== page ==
- Ask clients or prospects how they found you, why they approached you over others, and why they chose you in the end.
- Run a survey or online questionnaire to your database of contacts (Survey Monkey is a good, easy to use and free system).
- If you capture details of people downloading information from your website ask a few key questions on the form (but not too many as people can be turned off by completing a long form).
- Your Google, Twitter and Facebook analytics will give you an idea of the demographics of your website visitors. This article from Social Media Examiner will help you create client personas from analytics.
- Investigate comments on social media and blogs by your clients and look at comments or reviews left on websites and blogs similar to yours, including those of your competitors’.
Once you’ve made your client personas what do you do with them?
Depending on your business, you could have only one or two personas or 10 or more. Once you’ve gathered information on each persona you should be able to see how your product or service fits into their lives and how it helps them achieve their goals and overcome their challenges. This helps to:
- Develop your marketing messages in a way that shows empathy towards your persona. You know their daily challenges, you know what they are striving to achieve and you can describe how your product or service provides a solution for them.
- Make your marketing messages more persuasive, relevant and engaging for your persona. Making your introductory pitch or your website and literature content more relevant will make it more likely to be acted on.
- Plan your content marketing. If you know who you are writing for and what their problems or goals are, you can create and share content on your website and social media that helps and informs your personas. If your personas find content relevant they are more likely to share it to others.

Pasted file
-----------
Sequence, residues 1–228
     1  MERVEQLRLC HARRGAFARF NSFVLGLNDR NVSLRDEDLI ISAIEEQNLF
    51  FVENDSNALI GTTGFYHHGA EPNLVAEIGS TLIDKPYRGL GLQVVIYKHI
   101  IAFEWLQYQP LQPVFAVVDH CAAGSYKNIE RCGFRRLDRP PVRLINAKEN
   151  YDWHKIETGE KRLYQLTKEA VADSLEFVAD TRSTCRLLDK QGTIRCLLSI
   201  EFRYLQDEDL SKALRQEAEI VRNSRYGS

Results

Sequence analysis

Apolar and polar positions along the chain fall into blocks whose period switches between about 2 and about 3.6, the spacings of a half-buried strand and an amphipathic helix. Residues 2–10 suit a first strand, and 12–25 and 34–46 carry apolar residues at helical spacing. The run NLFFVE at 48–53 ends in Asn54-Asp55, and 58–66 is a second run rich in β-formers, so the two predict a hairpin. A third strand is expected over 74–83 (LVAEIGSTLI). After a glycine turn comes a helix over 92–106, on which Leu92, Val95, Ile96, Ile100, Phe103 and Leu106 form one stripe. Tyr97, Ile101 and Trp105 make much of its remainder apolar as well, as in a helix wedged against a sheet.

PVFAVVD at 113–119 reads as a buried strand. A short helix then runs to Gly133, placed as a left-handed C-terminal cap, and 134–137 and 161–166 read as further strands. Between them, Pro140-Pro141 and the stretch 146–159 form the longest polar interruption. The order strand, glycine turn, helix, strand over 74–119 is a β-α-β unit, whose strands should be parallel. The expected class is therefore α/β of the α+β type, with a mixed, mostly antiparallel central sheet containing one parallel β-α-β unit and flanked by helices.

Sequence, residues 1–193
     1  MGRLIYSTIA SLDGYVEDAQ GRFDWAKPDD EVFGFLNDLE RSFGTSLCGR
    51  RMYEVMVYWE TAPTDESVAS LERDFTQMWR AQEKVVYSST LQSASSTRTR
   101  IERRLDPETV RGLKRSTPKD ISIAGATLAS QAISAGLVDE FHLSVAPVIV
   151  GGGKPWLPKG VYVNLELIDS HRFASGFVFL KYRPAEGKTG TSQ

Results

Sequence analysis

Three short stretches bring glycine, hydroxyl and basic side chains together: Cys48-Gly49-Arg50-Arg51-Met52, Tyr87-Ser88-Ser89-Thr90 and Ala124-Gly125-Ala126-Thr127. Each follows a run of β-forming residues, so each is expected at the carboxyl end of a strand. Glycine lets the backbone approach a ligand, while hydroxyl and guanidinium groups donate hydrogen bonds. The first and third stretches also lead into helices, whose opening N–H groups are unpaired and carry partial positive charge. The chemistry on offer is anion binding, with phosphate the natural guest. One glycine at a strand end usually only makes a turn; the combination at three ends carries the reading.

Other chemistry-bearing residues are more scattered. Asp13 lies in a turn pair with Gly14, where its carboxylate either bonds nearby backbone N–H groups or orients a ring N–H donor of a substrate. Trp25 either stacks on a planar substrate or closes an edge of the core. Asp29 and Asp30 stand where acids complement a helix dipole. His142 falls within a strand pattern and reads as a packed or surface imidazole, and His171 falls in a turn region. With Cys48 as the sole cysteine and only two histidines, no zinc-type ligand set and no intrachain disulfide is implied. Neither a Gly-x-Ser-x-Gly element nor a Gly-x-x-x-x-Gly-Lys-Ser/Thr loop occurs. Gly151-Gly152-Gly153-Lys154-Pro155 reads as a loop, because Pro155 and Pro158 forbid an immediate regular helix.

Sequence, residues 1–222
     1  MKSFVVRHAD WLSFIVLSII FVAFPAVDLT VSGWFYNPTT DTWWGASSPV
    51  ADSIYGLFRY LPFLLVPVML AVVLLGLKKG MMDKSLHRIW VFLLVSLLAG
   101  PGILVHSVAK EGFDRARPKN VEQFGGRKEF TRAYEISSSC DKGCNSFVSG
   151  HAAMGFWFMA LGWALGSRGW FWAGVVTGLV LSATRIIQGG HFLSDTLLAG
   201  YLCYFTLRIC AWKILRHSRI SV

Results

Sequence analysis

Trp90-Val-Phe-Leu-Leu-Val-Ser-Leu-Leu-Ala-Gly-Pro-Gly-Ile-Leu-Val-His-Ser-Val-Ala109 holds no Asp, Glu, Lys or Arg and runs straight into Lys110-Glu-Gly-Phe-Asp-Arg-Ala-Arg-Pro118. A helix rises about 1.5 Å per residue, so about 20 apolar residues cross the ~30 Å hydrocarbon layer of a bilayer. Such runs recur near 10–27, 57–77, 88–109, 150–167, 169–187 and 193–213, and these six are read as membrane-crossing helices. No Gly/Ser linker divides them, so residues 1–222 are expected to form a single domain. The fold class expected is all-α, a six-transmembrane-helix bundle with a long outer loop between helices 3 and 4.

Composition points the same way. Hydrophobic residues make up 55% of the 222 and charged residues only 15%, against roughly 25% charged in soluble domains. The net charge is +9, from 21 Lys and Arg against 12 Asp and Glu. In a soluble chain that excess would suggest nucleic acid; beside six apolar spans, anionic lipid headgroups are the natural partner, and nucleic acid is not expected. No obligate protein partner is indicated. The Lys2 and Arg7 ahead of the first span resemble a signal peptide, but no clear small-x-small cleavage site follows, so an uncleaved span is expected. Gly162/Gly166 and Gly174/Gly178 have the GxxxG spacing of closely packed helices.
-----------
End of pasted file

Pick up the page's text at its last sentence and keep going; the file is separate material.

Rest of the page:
- Create effective case studies and testimonials. If a case study shows how you solved a problem for one client persona, others in that persona group are more likely to take notice. Likewise, if a testimonial comes from people who fit your client persona, it’s seen as more relevant to others in the same persona. People trust their peers.
- Know where to find your personas and where to target your promotion. Understanding your audience and which groups or meetings they attend, which social media platforms they use or which magazines they read allows you to better match your message with the right audience. Remember that social media advertising on platforms like LinkedIn and Facebook allow you to create targeted adverts from very specific demographics. You can also seek out people who fit your personas and connect with them through social media.
Taking time to consider your client personas gives you the benefit of targeting the right potential clients with appropriate messages in the right place and at the right time. This saves you time and money from blasting wishy-washy marketing messages to everyone and everywhere, makes your marketing activity more successful and increases your return on your marketing investment.